The 2014 iteration of Roland Garros is in full swing now, and the tournament has taken a wild turn after just two rounds on the women’s side. Gone are the top two seeds and two of the last three champions at Roland Garros; Serena Williams (2013) and Li Na (2011) crashed out in unceremonious and unexpected fashion. We provided a quick explanation and reaction to second-seeded Li Na’s loss in the first round here. In our recap of the second round, we focus our attention to Serena Williams’s exit. How did the young, up-and-coming Garbine Muguruza actually dominate the world number one and defending champion? How does this impact the draw (other than Maria Sharapova’s glee that she won’t face her nemesis)? Those questions are answered and a preview of some third round matches you might want to catch.
A Couple Thoughts on the Upset of the Tournament (Thus Far)
Garbine Muguruza defeats (1) Serena Williams 6-2, 6-2. In a word, what happened?
Middle. Credit the 20-year-old; she had a gameplan and executed it to perfection. She served hard and hit hard, but it was generally where she hit the ball that was effective against the defending champion. Garbine made sure to hit the ball into the middle of the court repeatedly, forcing Serena to create the angles for winners, only choosing to pounce and hit for angles when she had the right ball. It’s an excellent tactic against many players—players would rather create angles or open the court from a wing, not the middle where they have to generate the angle themselves. Serena can normally place the ball excellently enough to counter this kind of neutralizing tactic, but on this day, she was incapable of dealing with Muguruza’s flat, deep ball in the middle of the court. What may have also aided was that Muguruza would hit the ball down the middle differently. Despite hitting from roughly the same spot, Garbine didn’t simply hang on one shot during those rallies; she’d change it up from forehand to backhand and vice versa during the point. It gave Serena slightly different looks during a point, and it may have helped contribute to the win.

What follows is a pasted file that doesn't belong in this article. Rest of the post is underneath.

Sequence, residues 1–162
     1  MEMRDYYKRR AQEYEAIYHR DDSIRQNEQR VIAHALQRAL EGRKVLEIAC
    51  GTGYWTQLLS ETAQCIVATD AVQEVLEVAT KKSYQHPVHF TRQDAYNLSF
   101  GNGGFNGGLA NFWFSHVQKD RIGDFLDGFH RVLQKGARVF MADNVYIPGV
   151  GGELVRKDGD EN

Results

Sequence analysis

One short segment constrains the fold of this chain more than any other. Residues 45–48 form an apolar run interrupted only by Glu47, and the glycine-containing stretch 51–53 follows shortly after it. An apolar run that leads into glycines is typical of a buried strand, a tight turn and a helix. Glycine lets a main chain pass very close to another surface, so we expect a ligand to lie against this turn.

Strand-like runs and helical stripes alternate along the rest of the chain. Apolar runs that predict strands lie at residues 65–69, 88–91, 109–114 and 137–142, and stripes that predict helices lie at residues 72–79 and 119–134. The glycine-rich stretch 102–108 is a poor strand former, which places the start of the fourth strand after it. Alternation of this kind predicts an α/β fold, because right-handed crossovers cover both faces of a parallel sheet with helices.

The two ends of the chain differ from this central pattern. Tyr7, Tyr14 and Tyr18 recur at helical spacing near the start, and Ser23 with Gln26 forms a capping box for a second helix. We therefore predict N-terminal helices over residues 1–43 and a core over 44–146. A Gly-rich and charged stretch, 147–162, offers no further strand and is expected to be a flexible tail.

How does this impact the draw?